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Is District Cooling a sustainable alternative to Air Conditioning Systems?

Some of the widely known examples of DC systems in India include GIFT City in Gujarat, DLF Cyber City in Gurgaon, and the latest to join the bandwagon being Hyderabad Pharma City (HPC) (tender process ongoing).

Is District Cooling a sustainable alternative to Air Conditioning Systems?
All of these measures together can ensure cooling is not only cost effective with benefits distributed across the value chain, but also more equitable.

By Sudheer Perla,

With a warming Earth, India, too, has been experiencing scorching temperatures due to increase in the intensity and frequency of heatwaves. Research by Lancet shows that extreme heat events in 2019 alone led to more than 356,000 deaths globally. As the level of warming increases, breaching critical points, the scale of this impact will only worsen, posing significant risks to vulnerable sections of the society. This is not to mention the adverse impact on access to and supply of health services (vaccines, medicines), perishable foods and ancillary agriculture services, and data centres. Given this paradigm, access to sustainable, environment friendly cooling is not a luxury anymore, but a basic necessity.

On the supply side, the increasing heat will result in added stress on our already burdened grids. Currently, 17% of the world’s power is being used for cooling, and this percentage is expected to triple to a whopping 51% by 2050 as the demand for cooling systems increases across sectors, with a large chunk coming from India given growing population and per-capita income. There is an urgent need for India to look at adopting sustainable cooling solutions that are energy efficient and green-powered to achieve its net zero ambitions.

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One such solution is district cooling (DC), widely used in Europe and America, and increasingly being adopted in India. DC networks supply chilled water produced in a central plant to buildings through a network of insulated pipes. DC systems can also make use of natural sources of water such as lakes, rivers and sea-water to exchange heat, thereby enabling provision of “free cooling”, that is, substantially decrease power consumption. The main advantage of DC is that it leverages economies of scale by aggregating demand, eliminating the need for independent AC units for buildings, thus, meaningfully reducing capex requirement and the need to build for peak cooling capacity. Furthermore, DC systems are 20 to 50% more energy efficient than AC systems, ensure minimal to zero refrigerant leakage, free-up space for better utilization of expensive real estate, and allow for peak shaving through thermal energy storage.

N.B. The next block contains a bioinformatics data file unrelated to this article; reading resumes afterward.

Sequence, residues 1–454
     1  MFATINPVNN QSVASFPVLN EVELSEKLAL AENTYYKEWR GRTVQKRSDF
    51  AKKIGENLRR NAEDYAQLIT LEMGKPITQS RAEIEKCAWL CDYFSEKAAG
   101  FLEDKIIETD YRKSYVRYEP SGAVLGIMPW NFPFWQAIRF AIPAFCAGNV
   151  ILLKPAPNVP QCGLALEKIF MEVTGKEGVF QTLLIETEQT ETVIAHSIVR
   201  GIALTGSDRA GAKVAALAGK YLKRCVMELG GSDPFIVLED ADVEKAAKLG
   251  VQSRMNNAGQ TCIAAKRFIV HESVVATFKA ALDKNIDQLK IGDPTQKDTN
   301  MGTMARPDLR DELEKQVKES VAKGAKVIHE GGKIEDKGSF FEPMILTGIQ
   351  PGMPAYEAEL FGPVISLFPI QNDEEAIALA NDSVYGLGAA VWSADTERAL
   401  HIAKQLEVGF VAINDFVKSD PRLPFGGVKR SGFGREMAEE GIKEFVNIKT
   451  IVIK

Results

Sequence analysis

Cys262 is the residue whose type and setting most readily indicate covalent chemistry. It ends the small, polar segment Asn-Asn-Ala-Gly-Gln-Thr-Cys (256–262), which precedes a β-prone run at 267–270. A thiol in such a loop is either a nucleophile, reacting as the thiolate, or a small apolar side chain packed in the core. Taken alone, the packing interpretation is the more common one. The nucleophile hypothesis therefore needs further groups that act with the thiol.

Through demand aggregation and appropriate state intervention frameworks, district cooling can accelerate integrated urban energy planning and enable adoption of innovative technologies such as geo-thermal energy and captive renewable energy plants by providing anchor demand and aid adoption of progressive business models such as Cooling as a Service (CaaS) in the country. Additionally, DC can nudge circular economy for better resource use in the right direction. For instance, to circumvent the scarcity of water in cities, DC systems can make use of recycled water such as treated sewage effluent supplied by municipalities, it can also utilize industrial waste heat to produce energy and provide cooling. All of these measures together can ensure cooling is not only cost effective with benefits distributed across the value chain, but also more equitable.

Some of the widely known examples of DC systems in India include GIFT City in Gujarat, DLF Cyber City in Gurgaon, and the latest to join the bandwagon being Hyderabad Pharma City (HPC) (tender process ongoing). A good case in point is DLF Cyber City wherein this technology has helped reduce power demand by 100 MW and save around 36,000 tonne carbon emissions annually.

In conclusion, while DC systems already exist in the country, all stakeholders need to come together to make DC truly get off the ground. An important step in this direction is India Cooling Action Plan (ICAP) which recognises district cooling systems as a cross-cutting technology; supplemented through adequate interventions at state and central level and a concrete action plan, including creating awareness, setting up pilots, regulatory mandates in city bylaws, and fiscal incentives we can not only activate substantial energy savings but also ensure access to cheaper thermal comfort for all.

(The author is Country Manager, Tabreed India. Views expressed are personal and do not reflect the official position or policy of the FinancialExpress.com.)

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